I edit books for independent authors and established publishers.

I also work for companies of any size. If anyone finds me through my blog or on any of my social media sites, I give 25% off my standard rates for the first job.

Please spread the word if you know anyone who’s writing a book or who has a business for which they need marketing assistance. I am also available to speak with writing groups about editing and the publishing process. Please follow me on social media if that’s your thing (no biggie if it’s not).

Here are my links:

My professional website: http://arzoomaneditorial.com/
Twitter: https://twitter.com/Arzooman_Edit
LinkedIn: http://www.linkedin.com/in/janarzooman
oogle+: https://plus.google.com/115403852254268405476/posts
Thank you all for your support!


Surviving a freelancing famine: Tips to get you through

from How to Survive a Freelancing Famine – 10 Top Tips to Get You Through. by Sarah Dunstone for JobStock

“Every freelancer will tell you that throughout their career there will be periods of high workload, and then just as quickly the work will slow down again. This phenomenon is called a freelancing famine.” Some suggestions:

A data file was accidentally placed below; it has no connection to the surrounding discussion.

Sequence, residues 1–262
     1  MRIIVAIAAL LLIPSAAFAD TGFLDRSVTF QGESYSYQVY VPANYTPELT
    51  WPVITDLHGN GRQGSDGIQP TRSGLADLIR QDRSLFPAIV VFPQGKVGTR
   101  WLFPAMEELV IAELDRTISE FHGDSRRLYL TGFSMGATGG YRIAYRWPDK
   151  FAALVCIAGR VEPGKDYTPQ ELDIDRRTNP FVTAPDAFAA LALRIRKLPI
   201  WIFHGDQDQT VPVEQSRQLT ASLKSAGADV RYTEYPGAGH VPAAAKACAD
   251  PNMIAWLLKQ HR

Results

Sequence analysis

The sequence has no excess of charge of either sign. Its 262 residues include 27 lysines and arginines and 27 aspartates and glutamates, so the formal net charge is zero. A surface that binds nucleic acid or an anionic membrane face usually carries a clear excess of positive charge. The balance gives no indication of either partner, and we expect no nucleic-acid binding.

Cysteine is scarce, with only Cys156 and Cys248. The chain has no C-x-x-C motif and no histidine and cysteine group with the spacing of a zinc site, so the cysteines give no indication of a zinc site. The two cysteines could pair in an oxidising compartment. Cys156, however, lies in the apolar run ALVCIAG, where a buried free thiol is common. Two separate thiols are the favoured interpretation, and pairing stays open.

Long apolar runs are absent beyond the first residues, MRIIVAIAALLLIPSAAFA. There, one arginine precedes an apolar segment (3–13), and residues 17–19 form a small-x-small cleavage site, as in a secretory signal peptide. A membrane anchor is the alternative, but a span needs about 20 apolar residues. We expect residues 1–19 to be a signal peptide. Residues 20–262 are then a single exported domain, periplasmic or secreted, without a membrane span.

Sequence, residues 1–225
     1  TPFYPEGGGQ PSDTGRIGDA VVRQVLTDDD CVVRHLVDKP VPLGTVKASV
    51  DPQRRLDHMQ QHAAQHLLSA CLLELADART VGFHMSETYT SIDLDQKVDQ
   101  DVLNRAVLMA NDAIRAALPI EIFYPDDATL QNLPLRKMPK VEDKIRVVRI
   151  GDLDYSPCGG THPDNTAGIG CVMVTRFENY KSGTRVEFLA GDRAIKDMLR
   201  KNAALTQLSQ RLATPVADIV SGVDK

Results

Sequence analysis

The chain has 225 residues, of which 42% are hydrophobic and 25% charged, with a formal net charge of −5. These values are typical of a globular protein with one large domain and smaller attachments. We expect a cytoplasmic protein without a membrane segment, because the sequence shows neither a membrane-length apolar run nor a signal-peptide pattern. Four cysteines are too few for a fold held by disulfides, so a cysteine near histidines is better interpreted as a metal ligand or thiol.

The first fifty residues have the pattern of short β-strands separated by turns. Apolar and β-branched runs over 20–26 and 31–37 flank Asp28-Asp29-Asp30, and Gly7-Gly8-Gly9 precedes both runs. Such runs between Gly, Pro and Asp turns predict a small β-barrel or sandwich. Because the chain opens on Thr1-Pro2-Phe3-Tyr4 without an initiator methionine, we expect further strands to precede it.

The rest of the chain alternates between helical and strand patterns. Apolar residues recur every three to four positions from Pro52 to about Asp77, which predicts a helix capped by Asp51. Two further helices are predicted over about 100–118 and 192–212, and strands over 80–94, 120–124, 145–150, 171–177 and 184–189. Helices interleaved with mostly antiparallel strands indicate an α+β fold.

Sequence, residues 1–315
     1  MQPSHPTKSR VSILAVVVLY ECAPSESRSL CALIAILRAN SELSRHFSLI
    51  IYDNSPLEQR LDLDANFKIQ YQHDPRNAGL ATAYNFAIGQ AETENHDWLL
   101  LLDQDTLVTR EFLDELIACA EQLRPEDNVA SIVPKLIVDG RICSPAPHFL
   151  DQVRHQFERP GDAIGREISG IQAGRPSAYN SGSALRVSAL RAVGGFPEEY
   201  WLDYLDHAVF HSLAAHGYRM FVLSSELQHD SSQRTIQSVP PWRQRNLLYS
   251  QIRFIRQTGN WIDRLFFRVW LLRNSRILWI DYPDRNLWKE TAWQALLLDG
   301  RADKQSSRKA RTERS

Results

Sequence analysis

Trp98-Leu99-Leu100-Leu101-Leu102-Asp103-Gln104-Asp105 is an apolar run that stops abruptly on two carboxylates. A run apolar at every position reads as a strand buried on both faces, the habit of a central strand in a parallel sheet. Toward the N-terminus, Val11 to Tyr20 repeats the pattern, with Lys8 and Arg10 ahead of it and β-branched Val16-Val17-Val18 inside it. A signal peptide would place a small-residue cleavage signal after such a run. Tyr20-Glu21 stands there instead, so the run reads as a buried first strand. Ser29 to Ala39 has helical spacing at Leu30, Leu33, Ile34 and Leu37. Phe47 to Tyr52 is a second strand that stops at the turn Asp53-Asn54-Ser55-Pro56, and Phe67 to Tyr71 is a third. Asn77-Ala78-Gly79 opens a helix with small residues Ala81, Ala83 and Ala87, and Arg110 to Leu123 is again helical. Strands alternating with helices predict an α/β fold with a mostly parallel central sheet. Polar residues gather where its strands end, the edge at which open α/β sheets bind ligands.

1. Put aside emergency funds, so down times don’t seem as scary.
  2. Don’t sell yourself short — don’t charge less because work is slow.
  3. [Do] part-time work to get through the slow periods.
  4. Market yourself to companies with hiring freezes–they’ll need freelancers for a lot of the work. 

Read more at JobStock.


On growing a side gig

From “What It Really Takes to Grow a Side Gig,” by from Alexis Grant, The Traveling Writer.

How on earth are you supposed to launch a business when you’re already working a full-time job …?